Business as usual at Brockholes Nature Reserve despite the floods

Brockholes Visitor Village at Samlesbury where the buildings are designed to rise as  water levels rise.
Brockholes Visitor Village at Samlesbury where the buildings are designed to rise as water levels rise.

Brockholes Nature Reserve had to close on Saturday due to flooding. But it is business as usual today.

The popular Lancashire Wildlife Trust visitor attraction at Samlesbury, near Preston was completely closed from February 9 -11. The visitor village remained closed from February 12 - 15 and the site closed early last Thursday and was closed again on Saturday.

Operations Manager Karen Williams said: "We opened yesterday. On Monday and Tuesday in winter the Visitor Village is closed to the public but the reserve itself is open. At the moment everything is looking fine. We've got conferences in, but we're just monitoring the river level."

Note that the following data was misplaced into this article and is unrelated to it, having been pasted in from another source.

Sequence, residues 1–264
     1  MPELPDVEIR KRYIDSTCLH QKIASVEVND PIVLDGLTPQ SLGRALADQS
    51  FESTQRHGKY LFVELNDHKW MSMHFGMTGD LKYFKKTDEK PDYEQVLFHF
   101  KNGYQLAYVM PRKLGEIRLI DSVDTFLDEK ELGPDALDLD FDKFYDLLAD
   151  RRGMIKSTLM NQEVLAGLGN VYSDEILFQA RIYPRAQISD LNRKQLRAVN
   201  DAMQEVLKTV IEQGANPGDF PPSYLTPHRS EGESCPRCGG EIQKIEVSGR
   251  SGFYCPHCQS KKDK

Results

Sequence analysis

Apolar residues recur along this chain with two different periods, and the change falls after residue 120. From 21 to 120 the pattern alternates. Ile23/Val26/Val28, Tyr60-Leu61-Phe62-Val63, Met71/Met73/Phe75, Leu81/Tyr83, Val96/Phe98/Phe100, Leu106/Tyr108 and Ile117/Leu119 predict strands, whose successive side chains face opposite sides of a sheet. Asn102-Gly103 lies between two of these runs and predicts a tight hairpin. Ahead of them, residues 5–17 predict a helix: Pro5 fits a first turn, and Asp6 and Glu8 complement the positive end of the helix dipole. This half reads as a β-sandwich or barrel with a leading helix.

She said that the main visitor village, designed as a "floating village" which can rise by up to two metres as waters rise, had remained flood free in the past few weeks, but at times the centre's main entrance road, which runs near to the River Ribble, had flooded and the pedestrian boardwalks and bridge at the entrance to the village can also flood.

Alan Wright, Communications Manager for The Wildlife Trust for Lancashire, Manchester and North Merseyside said: "The actual building rises and falls with the water levels. It's a flood plain. That was the idea of the reserve in the first place. The flood plain captures water when the Ribble overflows. That was why the visitor village was built to float."

* The Government's flood information service notes that when water levels reaches 4.83m at Samlesbury minor flooding is possible. The highest level on record was 6.56m on December 26, 2015.